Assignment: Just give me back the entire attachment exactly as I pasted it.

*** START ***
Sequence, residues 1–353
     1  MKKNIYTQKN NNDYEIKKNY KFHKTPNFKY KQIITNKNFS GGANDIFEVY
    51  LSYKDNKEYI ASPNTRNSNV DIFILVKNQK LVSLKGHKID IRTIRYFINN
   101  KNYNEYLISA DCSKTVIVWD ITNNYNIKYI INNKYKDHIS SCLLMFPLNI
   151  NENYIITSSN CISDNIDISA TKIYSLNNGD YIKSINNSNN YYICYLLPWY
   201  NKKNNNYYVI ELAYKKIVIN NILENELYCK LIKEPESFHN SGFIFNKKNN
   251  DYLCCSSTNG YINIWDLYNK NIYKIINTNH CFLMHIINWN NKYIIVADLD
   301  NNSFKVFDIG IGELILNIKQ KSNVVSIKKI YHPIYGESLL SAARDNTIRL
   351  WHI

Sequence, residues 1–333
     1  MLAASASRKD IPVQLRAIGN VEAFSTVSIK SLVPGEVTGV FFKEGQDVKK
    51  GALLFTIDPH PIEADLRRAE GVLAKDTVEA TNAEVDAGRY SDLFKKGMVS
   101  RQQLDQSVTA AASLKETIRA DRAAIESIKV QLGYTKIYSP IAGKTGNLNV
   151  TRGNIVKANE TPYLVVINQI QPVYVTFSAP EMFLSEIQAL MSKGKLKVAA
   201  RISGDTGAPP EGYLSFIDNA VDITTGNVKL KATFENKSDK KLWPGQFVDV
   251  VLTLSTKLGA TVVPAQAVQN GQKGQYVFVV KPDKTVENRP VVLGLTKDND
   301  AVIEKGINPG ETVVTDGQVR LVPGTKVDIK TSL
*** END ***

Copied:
Sequence, residues 1–353
     1  MKKNIYTQKN NNDYEIKKNY KFHKTPNFKY KQIITNKNFS GGANDIFEVY
    51  LSYKDNKEYI ASPNTRNSNV DIFILVKNQK LVSLKGHKID IRTIRYFINN
   101  KNYNEYLISA DCSKTVIVWD ITNNYNIKYI INNKYKDHIS SCLLMFPLNI
   151  NENYIITSSN CISDNIDISA TKIYSLNNGD YIKSINNSNN YYICYLLPWY
   201  NKKNNNYYVI ELAYKKIVIN NILENELYCK LIKEPESFHN SGFIFNKKNN
   251  DYLCCSSTNG YINIWDLYNK NIYKIINTNH CFLMHIINWN NKYIIVADLD
   301  NNSFKVFDIG IGELILNIKQ KSNVVSIKKI YHPIYGESLL SAARDNTIRL
   351  WHI

Sequence, residues 1–333
     1  MLAASASRKD IPVQLRAIGN VEAFSTVSIK SLVPGEVTGV FFKEGQDVKK
    51  GALLFTIDPH PIEADLRRAE GVLAKDTVEA TNAEVDAGRY SDLFKKGMVS
   101  RQQLDQSVTA AASLKETIRA DRAAIESIKV QLGYTKIYSP IAGKTGNLNV
   151  TRGNIVKANE TPYLVVINQI QPVYVTFSAP EMFLSEIQAL MSKGKLKVAA
   201  RISGDTGAPP EGYLSFIDNA VDITTGNVKL KATFENKSDK KLWPGQFVDV
   251  VLTLSTKLGA TVVPAQAVQN GQKGQYVFVV KPDKTVENRP VVLGLTKDND
   301  AVIEKGINPG ETVVTDGQVR LVPGTKVDIK TSL